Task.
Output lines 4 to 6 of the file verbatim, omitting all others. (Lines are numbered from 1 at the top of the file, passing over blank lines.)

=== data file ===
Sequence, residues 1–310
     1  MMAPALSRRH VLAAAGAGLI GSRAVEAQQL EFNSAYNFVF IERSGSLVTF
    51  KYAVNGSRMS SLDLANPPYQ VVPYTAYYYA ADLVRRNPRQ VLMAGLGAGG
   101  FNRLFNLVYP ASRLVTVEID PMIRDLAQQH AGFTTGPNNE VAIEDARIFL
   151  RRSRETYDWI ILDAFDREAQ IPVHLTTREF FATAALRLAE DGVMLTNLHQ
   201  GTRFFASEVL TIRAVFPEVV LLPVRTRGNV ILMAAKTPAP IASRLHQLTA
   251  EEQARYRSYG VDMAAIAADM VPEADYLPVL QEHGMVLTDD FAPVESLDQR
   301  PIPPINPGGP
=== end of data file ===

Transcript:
   101  FNRLFNLVYP ASRLVTVEID PMIRDLAQQH AGFTTGPNNE VAIEDARIFL
   151  RRSRETYDWI ILDAFDREAQ IPVHLTTREF FATAALRLAE DGVMLTNLHQ
   201  GTRFFASEVL TIRAVFPEVV LLPVRTRGNV ILMAAKTPAP IASRLHQLTA